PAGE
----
Once you have bootc.c set up properly, you should be able to gmake k2.disk and then boot Bochs and get a successful result from the kernel.

Once you think bootc.c is correct, run gmake grade to run the tests that we will use to grade it.

Sadly, it is easy to make Bochs fall over while doing this exercise. If Bochs crashes, you might try again with "trace-on" so that at least you can figure out which instruction it was trying to simulate when it crashed. If Bochs falls over, it means your code is buggy - a real PC would have rebooted.

Challenge! Read and understand kernel.c.

Part 2: GCC Calling Conventions

In the second part of this lab we'll implement the standard C library routines setjmp and longjmp, declared thus:

int  setjmp(jmp_buf env);
void longjmp(jmp_buf env, int);

Setjmp saves its stack environment in env for later use by longjmp. It returns 0.

Longjmp restores the environment saved by the last call of setjmp. It then causes execution to continue as if the call of setjmp had just returned with value val. The invoker of setjmp must not itself have returned in the interim. All accessible data have values as of the time longjmp was called.

One use for setjmp/longjmp is as a "poor man's" exception handling mechanism, since C does not have "try/catch" exceptions like C++ and Java do. These functions can also be used in more sophisticated ways, however, such as to switch between several entirely different execution stacks on the fly; user-level multithreading packages such as "pthreads" frequently do this.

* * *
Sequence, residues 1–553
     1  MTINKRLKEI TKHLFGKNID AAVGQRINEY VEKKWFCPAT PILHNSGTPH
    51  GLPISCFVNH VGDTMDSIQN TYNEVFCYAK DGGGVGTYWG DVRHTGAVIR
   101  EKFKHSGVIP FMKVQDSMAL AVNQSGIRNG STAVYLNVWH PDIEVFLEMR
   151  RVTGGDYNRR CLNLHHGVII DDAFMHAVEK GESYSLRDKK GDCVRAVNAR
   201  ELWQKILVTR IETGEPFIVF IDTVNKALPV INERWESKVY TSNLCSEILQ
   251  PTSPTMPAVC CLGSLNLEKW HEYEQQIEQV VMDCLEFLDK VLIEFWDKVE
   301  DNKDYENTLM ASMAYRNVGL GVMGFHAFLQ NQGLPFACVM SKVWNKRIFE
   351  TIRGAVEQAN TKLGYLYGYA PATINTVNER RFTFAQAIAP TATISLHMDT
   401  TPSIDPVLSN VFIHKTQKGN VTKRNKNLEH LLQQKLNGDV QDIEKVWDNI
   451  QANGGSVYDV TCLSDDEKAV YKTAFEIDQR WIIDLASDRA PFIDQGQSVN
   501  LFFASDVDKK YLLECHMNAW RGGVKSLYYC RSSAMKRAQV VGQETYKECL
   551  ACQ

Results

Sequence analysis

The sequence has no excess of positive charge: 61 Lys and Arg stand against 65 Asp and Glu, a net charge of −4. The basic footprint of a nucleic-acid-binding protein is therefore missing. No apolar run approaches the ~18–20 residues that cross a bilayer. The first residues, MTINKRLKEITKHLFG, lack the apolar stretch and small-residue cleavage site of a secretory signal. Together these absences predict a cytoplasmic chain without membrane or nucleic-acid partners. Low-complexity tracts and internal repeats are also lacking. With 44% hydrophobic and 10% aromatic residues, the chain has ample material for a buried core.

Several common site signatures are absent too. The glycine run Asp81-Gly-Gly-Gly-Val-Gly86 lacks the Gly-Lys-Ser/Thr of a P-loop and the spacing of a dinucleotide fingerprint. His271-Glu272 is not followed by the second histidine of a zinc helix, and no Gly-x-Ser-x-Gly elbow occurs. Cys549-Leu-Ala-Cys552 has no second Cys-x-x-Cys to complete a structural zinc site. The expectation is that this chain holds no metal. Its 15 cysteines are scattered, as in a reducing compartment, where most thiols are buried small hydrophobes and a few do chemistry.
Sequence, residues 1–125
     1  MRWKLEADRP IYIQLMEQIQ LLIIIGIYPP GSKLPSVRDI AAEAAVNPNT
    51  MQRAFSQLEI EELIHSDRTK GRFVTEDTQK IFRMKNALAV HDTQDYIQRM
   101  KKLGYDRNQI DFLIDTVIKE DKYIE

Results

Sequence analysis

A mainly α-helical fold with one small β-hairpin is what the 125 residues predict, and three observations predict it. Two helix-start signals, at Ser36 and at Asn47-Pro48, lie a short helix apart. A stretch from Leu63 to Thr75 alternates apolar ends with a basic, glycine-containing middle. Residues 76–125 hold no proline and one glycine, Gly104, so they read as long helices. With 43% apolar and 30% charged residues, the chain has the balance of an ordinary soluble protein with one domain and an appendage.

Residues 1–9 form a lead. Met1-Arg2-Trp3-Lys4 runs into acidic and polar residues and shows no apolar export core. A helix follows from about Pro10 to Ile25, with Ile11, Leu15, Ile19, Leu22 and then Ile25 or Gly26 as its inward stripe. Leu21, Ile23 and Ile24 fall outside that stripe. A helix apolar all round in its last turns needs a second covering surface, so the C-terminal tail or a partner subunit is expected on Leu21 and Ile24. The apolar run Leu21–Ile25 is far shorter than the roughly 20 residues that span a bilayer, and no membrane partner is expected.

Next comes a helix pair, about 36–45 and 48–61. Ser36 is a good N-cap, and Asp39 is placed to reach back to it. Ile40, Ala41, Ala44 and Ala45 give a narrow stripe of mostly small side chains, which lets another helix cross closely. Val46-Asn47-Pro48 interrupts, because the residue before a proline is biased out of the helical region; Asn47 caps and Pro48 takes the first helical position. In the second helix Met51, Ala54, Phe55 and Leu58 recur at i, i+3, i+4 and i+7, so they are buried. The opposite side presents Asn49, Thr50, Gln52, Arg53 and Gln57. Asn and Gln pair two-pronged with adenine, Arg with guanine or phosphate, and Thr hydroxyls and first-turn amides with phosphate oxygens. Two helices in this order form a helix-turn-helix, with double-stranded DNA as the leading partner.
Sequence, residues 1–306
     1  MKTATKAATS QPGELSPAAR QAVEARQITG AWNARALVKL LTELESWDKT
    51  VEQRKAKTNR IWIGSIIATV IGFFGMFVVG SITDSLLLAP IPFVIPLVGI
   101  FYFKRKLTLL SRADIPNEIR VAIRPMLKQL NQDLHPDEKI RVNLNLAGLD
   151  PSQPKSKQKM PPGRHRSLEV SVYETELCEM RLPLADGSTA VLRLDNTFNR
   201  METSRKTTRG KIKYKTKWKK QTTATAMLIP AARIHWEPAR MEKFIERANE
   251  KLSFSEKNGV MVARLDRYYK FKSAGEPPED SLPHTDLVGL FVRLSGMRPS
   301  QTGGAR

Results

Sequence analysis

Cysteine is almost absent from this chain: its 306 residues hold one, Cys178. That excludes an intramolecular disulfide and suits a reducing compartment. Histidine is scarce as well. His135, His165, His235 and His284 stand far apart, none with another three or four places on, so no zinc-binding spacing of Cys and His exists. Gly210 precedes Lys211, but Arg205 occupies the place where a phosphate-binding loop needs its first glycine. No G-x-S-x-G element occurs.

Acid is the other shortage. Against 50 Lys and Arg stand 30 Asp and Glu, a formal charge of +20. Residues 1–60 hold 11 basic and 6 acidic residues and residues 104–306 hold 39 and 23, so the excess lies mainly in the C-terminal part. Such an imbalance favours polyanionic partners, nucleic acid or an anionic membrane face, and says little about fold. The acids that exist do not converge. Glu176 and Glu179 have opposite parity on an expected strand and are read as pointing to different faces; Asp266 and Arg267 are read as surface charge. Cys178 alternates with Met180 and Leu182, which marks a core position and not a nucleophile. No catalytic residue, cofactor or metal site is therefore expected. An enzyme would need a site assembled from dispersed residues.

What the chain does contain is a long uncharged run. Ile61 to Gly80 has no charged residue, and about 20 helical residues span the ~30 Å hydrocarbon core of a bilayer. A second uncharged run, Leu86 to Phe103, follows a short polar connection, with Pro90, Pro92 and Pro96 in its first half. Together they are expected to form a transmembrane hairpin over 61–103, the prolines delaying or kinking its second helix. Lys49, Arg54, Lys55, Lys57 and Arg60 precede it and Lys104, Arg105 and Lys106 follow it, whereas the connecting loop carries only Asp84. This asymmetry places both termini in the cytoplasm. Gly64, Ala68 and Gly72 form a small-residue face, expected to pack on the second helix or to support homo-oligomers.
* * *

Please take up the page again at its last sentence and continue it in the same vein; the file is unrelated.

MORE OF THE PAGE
Since the calling convention is the same in our a.out gcc as it is in the standard Linux x86 ELF gcc, we'll use the Linux gcc to make debugging easier. (Debugging is always easier when it's done outside the kernel.)

To understand how these routines behave, run this program. Make sure you understand why you see each line of output. Just as important, make sure you understand why you do not see so many of the ``exiting'' messages in the output.

To avoid conflicting with the C library definitions, our routines will be called setjmp828 and longjmp828 and declared thus:

typedef struct stackenv stackenv_t;
struct stackenv
	uint32_t ebp;
	uint32_t ebx;
	uint32_t esi;
	uint32_t edi;
	uint32_t esp;
	uint32_t ret;
int  setjmp828(stackenv_t *env);
void longjmp828(stackenv_t env, int);
(Our declarations also make it explicit that env is a pointer to a structure. The C library declarations leave this implicit by typedefing jmp_buf to be an array of integers.)

Since they deal with low-level register manipulations, setlabel and gotolabel must be implemented in assembly. Your job is to implement setjmp828 and longjmp828 in lab1/jmp/jmp.S. An outline has been written for you.

You can test your implementation by running gmake grade. Note that if the grading program seg faults, it's probably your bug.

Make sure you can answer the following questions:

  1. Why doesn't setjmp need to save EAX, ECX, or EDX?
  2. Why does the setjmp definition include the requirement ``The invoker of setjmp must not itself have returned in the interim.''? (In other words, what's wrong with this code? Note that even though the code appears to work, it's still wrong.)

    Challenge! Read and understand testjmp.S and testjmpc.c.

    This completes the lab.

    Version: $Revision: 1.12 $. Last modified: $Date: 2003/09/13 20:37:54 $